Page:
“There’s other evidence to show these are the states that typically have the weakest safety net protections,” Hardy said. “ … I think it amplifies the importance of some federal level programs that can be implemented.”
The authors said that the biggest drops in child poverty tended to be in states with a lack of generous policies that benefit moderate and low-income people, such as a dearth of state earned income tax credits and higher minimum wages as well as states where Temporary Assistance for Needy Families reaches far fewer families. Sixteen out of 20 states that haven’t raised the minimum wage higher than the federal minimum wage of $7.25 have a child poverty rate above 12%.
Groups of children that did not benefit as much from the policies before the expansion of the child tax credit were children in larger families, children in rural areas, Black children, and children in families with unmarried mothers, according to research from Columbia University’s Center on Poverty & Social Policy.
“The results confirm that child poverty reductions related to the CTC are larger in states with a higher proportion of children who were left behind,” according to the Hamilton Project. “The most striking differences are in states with a higher proportion of unmarried mothers, rural households, and large families; in those states, child poverty reduction hovered around 50 percent.”
A potential compromise
Authors of a separate Hamilton Project paper also released on Wednesday have proposed a possible compromise on the child tax credit that they said would address some of policymakers’ criticisms, such as the argument that a fully refundable child tax credit for parents with no earnings would shrink the labor supply. Sen. Joe Manchin (D-WV) pushed for a work requirement and $60,000 family income cap in 2021 and last year, Sen. Mitt Romney (R-UT) proposed his own version of an expanded child tax credit that wouldn’t allow families without earnings to receive any credit. The Center for Budget and Policies Priorities’ 2022 analysis on the Romney approach criticized that plan because some research has suggested that making the full credit available to parents would not have a large effect on their work participation.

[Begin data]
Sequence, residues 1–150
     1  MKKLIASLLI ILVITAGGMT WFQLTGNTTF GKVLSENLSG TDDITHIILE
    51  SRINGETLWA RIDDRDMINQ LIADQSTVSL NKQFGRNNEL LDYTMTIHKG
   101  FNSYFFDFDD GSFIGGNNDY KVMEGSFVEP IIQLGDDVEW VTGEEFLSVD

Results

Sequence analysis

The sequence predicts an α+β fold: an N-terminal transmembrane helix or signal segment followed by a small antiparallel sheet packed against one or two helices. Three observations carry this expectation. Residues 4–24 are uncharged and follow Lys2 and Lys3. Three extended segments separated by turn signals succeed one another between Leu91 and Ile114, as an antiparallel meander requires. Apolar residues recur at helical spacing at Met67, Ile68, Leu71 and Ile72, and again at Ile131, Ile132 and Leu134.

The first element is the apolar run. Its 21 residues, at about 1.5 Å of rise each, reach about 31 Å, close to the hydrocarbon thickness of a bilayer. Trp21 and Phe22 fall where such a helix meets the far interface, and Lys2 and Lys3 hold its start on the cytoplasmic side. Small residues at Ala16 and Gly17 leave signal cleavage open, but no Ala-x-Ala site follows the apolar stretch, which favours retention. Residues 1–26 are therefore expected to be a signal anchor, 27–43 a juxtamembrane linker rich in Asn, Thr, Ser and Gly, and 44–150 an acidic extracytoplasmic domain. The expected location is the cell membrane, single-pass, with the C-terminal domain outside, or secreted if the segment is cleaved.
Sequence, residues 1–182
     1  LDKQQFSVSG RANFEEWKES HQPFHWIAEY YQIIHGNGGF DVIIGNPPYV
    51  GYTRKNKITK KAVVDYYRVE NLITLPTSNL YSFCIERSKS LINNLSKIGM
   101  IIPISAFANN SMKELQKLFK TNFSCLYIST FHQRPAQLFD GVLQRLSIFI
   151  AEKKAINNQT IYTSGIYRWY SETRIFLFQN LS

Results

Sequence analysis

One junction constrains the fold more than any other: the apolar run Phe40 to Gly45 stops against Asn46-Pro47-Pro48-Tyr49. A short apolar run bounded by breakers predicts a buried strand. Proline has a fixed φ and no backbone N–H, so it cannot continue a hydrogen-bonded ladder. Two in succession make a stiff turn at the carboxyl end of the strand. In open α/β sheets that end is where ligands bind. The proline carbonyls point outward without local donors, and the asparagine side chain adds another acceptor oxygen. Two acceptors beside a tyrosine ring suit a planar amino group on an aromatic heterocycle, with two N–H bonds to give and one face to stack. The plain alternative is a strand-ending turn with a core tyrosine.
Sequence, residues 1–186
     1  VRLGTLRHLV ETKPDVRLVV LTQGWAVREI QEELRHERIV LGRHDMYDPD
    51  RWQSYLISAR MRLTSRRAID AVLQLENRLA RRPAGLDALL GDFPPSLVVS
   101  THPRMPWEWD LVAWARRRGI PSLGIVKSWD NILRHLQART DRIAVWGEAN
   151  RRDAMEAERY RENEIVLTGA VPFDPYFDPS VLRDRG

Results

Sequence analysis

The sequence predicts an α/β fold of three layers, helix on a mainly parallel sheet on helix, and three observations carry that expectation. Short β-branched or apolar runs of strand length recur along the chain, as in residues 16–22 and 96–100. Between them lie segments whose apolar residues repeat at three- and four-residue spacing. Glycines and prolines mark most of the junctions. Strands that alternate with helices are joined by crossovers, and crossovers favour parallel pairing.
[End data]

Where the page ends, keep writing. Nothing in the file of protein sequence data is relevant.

Under the proposal outlined by the Hamilton Project, an enhanced child tax credit would again offer $3,600 for each child under 6 years old and $3,000 for children 6 to 17 years old but families with no earnings would receive only half the full credit amount per child. There would also be a faster phase-in rate than current law provides so that “for each additional $100 of taxable income, tax filers are refunded an additional $30 per child eligible for the tax credit.”
“Withholding the credit amount completely for children whose parents have no qualifying earnings would mean prioritizing labor supply incentives over the urgent needs around child well-being,” the authors of the paper wrote. “That choice is counter-productive, given the well-documented benefits — including greater educational attainment and earnings — that are associated with delivering additional income to children from low-income families.”
This report was first published by the Arizona Mirror.